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Bowling Alley From 1870s Uncovered During Construction in Hoboken

by Diana Cooper
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While renovating a new location for Hoboken eyeglass store Wise Vision, Hoboken contractor Anton David came across an unusual step that lead to a bowling alley underneath the floor. Based on the dates confirmed by sources, David told Hoboken Girl, “This was a speakeasy of sorts during prohibition.”

David and his team found “a bunch of pins,” duckpins {shorter pins}, and “a couple of bowling balls.”

“After some research and speaking with the Hoboken Historical Museum, we were able to find out that it is indeed an old bowling alley that was used by the Republicans in the 20s,” David added. “It was registered as a bowling alley with the city of Hoboken and with the Democrats in the 30s and one of my sources dates it back to being built in 1873.”

While this was discovered a few months back, we took a deep dive into the findings to learn more.

bowling alley hoboken uncovered wise vision

{Photo credit: Wise Vision}

Wise Vision, now located at 334 Washington Street, will be moving across the street to 327 Washington Street. The eyeglass shop has been locally owned and operated since 1978. David, who owns Hoboken Custom Craft and is the owner of Avid Handyman, says the renovation of Vision’s new location should be completed by the end of the year.

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“The main part is we’re going to be doing our best to preserve the old history of Hoboken and we’re going to be doing that by the way of incorporating that into the décor and the furniture that we’re building [at Wise Vision],” David added. “The downstairs is going to be used for storage for now, but there is an area of the bowling alley that we’re restoring. It’ll just be in its original state – not operational though – and then the other parts of the lanes, like some of that wood, we’re going to use to build furniture for the eyeglass shop.”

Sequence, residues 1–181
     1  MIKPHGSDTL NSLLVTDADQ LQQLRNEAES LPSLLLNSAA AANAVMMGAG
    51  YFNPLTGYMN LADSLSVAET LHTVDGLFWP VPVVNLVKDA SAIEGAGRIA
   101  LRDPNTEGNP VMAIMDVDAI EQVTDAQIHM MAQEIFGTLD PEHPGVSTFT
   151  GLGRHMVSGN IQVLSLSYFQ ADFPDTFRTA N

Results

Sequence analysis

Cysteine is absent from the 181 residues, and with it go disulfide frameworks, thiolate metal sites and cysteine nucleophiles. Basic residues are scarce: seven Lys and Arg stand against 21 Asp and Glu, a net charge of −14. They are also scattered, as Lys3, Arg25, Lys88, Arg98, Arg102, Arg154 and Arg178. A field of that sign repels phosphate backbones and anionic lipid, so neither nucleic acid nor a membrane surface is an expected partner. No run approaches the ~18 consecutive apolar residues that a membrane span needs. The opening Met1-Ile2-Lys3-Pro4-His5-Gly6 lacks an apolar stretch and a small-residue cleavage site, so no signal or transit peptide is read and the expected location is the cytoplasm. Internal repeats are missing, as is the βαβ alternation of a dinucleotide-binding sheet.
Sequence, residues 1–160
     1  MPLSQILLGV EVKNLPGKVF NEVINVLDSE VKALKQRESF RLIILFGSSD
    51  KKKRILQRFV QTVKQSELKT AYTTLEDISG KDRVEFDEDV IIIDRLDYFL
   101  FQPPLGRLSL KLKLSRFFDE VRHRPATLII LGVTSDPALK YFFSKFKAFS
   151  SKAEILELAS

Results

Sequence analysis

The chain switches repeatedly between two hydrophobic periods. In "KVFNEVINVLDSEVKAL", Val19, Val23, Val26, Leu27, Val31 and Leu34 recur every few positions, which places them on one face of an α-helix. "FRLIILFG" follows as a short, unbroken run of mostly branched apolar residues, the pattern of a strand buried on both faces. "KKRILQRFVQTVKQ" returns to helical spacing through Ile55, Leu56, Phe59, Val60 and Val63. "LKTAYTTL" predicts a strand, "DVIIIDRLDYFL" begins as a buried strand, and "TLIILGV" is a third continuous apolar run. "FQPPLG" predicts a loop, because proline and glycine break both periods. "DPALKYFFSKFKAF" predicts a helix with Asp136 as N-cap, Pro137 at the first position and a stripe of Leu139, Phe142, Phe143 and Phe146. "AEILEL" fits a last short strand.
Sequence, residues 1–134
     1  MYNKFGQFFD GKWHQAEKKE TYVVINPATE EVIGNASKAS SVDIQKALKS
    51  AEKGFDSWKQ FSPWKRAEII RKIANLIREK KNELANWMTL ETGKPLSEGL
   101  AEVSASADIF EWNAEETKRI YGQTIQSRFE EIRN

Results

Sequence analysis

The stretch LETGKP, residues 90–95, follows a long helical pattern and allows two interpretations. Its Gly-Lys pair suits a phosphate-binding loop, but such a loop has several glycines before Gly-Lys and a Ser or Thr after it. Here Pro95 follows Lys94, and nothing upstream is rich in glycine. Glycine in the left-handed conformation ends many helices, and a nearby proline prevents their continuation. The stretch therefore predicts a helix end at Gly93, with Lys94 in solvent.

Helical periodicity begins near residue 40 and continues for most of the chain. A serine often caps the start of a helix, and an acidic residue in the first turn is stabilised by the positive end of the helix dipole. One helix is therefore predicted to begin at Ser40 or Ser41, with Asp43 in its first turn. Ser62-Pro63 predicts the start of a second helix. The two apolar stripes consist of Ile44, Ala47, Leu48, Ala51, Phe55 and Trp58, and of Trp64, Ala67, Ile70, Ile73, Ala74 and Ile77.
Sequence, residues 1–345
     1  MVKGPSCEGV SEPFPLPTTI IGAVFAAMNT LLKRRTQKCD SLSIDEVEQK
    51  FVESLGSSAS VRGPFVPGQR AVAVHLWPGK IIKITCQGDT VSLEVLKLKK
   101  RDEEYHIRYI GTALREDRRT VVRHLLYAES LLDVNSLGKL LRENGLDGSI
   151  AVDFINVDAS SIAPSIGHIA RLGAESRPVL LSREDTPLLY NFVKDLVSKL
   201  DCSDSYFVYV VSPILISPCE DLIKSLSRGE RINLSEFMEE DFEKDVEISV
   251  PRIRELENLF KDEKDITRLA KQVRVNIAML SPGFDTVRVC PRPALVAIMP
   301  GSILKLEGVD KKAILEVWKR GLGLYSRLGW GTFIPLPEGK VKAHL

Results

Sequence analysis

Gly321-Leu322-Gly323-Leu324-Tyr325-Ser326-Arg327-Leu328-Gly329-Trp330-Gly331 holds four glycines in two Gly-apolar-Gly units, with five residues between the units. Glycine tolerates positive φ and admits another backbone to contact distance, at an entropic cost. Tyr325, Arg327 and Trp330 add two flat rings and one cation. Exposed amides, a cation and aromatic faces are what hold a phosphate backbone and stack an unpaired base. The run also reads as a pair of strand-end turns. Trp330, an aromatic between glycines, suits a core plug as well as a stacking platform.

Some parts from the bowling alley that were restored will be donated to the Hoboken Historical Museum. As far as when you can expect to see them on display at the museum, Director Robert Foster told Hoboken Girl they are planning an exhibit in 2021 {the date is TBD}, which will feature the history of Washington Street.

bowling alley and pins hoboken uncovered

{Photo credit: Wise Vision}

Collections Manager Rand Hoppe of Hoboken Historical Museum shared his enthusiasm with HG. “The bowling lanes were an exciting discovery. I personally loved the fact that there were some duckpins and duckpin balls found, and we’ve casually discussed an interactive gaming feature for the Washington Street exhibit that we’re developing,” Hoppe said. “There used to be many lanes such as this around town. There were lanes in the Elks Club until [maybe] 20 years ago. I believe I found evidence of there being lanes in The Columbia Club at 11th & Bloomfield, too, which used to be a Masonic lodge. So, lanes in a political party club don’t seem that unusual in that context.”

Per the museum’s online collection database, bowling alleys were found throughout Hoboken decades ago. The former Continental Hotel {which used to be located at 101 Hudson Street} used to have a bowling alley as one of its amenities in the 1940s, as well as the Union Club Building Restaurant {located at 600 Hudson Street – now known as The Union Club condo}, which offered “Bowling and Bridge Parties” in 1935.

Hoppe noted that the “second-floor location where Empire Fitness is now used to be a commercial bowling establishment,” and also, “rumor has it that St. Francis Church still has a couple of bowling lanes…not operating, of course.”

bowling alley hoboken wise vision

{Photo credit: Wise Vision}

Hoppe added. “Bowling really was a great way for people to socialize before TV and the Internet changed our habits.”

Make sure to follow Hoboken Girl for the latest updates on the exhibit and the relocation of Wise Vision!

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